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Housing Critical to Downtown Mesa

downtown Mesa street

Downtown Mesa is clearly an evolving area.  The hopes and dreams of Mesa rest on creating a focal point for the city.  The downtown is expanding, more shopping and restaurants are attracting millineals.  With light-rail service set to begin this fall, some feel downtown Mesa is finally on the cusp of its big moment, about ready to burst onto the scene. The sleek Valley Metro trains will link historical Mesa with Arizona State University, Tempe’s Mill Avenue and the skyscrapers of central Phoenix.

Mesa’s evolving downtown needs housing to thrive. On that much, the City Council agrees.  But what kind of housing?

But the vision for what that housing should look like — in terms of location, financing and target demographics — is more than a little muddled. Will they provide more ‘affordable housing developments’.  Or will they develop more ‘market rate’ developments.

As light rail is developed in downtown Mesa , some officials argue a series of affordable-housing developments catering to low-income families and young people will be critical. Those populations often use public transportation, they say, and could help foster a more constant hum of activity in the city’s core.

Others support only a fraction of the affordable-housing proposals their colleagues endorse, insisting Mesa must be selective and hold off for more market-rate developments. If downtown becomes an increasingly desirable place to live, the city will regret having approved complexes with rent restrictions.

The clashing perspectives came to a head late last month in a rare split vote.

City staff at a Jan. 22 study session had asked the Council to approve letters of support for four proposed affordable-housing complexes, to give developers an edge as they apply for federal tax credits. The tax breaks, issued through the Arizona Department of Housing, allow developers to charge lower rents and still make a profit.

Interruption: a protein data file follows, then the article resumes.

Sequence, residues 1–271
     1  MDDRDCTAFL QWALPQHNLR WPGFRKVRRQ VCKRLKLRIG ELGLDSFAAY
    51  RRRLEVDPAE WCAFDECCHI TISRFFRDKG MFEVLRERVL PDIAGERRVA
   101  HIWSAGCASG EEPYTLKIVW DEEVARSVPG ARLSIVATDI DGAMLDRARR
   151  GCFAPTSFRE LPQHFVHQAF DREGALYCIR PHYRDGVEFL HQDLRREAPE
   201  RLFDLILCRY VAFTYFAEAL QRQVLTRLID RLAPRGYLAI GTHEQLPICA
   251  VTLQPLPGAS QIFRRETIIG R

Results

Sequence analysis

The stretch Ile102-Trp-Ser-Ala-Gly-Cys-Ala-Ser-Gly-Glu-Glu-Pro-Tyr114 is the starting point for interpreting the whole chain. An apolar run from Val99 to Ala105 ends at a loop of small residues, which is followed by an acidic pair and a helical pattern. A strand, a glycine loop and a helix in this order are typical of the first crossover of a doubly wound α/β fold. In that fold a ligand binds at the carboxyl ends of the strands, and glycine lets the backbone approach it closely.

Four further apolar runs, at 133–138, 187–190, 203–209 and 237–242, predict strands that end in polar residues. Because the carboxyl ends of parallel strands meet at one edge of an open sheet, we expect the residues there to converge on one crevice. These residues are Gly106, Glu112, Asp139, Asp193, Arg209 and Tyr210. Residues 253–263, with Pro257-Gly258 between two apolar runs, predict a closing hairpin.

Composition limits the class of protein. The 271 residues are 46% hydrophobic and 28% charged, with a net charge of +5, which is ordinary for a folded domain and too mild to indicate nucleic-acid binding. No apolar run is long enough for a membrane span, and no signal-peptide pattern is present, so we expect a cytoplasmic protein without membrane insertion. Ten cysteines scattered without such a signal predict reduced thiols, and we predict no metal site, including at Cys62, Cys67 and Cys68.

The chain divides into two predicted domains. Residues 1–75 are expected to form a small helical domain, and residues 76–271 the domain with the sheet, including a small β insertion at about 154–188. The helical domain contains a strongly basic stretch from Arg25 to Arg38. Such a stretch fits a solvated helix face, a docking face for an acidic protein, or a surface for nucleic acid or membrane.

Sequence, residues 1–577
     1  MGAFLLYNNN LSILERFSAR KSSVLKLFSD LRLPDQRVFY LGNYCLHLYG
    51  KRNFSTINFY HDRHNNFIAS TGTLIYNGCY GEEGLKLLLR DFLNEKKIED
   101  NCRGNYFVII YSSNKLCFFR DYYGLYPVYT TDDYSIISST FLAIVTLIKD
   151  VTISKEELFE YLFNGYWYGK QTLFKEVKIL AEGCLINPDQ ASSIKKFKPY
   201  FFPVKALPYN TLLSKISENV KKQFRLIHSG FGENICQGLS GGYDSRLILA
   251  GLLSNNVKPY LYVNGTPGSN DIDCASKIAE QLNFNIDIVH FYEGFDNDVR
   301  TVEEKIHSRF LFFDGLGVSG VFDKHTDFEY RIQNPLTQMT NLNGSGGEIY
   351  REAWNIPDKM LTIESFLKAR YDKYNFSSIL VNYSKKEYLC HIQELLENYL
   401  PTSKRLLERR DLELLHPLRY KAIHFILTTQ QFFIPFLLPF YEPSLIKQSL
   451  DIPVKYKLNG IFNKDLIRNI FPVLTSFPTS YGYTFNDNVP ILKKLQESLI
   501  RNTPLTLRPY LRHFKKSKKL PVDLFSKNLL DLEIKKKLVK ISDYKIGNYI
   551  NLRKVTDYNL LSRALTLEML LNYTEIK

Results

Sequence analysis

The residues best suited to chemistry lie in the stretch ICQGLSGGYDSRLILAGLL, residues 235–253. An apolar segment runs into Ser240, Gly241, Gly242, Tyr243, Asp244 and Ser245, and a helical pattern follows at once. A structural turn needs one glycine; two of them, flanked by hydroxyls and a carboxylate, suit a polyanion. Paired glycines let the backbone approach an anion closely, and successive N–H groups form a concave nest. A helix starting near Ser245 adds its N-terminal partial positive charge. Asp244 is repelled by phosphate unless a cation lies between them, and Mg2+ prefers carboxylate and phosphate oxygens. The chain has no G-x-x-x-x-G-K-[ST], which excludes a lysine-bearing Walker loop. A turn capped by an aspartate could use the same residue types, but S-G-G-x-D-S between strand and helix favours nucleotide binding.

Council support for providing letters to La Mesita Phase III and El Rancho Apartments Phase II was unanimous — sans Mayor John Giles, who was in Washington, D.C., at the time. La Mesita offers social services through non-profit A New Leaf, while El Rancho focuses on families and the arts.

However when it came to letters for Sycamore Station and the Hub at Mesa Lofts, though, the Council was deadlocked, 3-3, and the motion failed.

Councilmen Dave Richins, Alex Finter and Kevin Thompson voted against providing letters for the developments. They felt these projects did not fit Mesa’s needs.

“The Sycamore Station project is the right project with the wrong financing,” Richins said, adding that the complex would eat up prime real estate next to the Sycamore light-rail station. “I like the urban style… (but) low-income tax-credit financing doesn’t allow for student housing. It doesn’t allow for any market-rate individuals to be in there.” Students bring a younger image to downtown mesa.

He said he might support the project if at least half of its units had market-rate rents.

As for the Hub, which would be located about two-tenths of a mile from the Sycamore Station project and reportedly give preference to entrepreneurs, Richins said he felt the proposal was “not fully baked.”

“I think a good, robust market study will illustrate that there is not an unlimited absorption for low-income tax-credit projects,” he said.

Though Finter represents an east-side district, he said he’d been “feeling the pressure from some of those residents on the west side that are concerned about an overabundance of (low-income) projects.”

Retired attorney and Mesa activist Dea Montague, for instance, has written city officials frequently, most recently saying that “middle-class businesses cannot be expected to be established and thrive (in the light-rail corridor) when additional low-income residents are purposely attracted to an area already saturated with poverty.”

“Once a neighborhood gets out of balance, it is hard to recover, since those with the means to leave often move away instead of staying to lend their leadership to help the community,” Montague wrote in a Jan. 26 e-mail. “They feel overwhelmed and exit. We must take action now, project by project, to attract higher level developments.”

Thompson declined to explain his vote.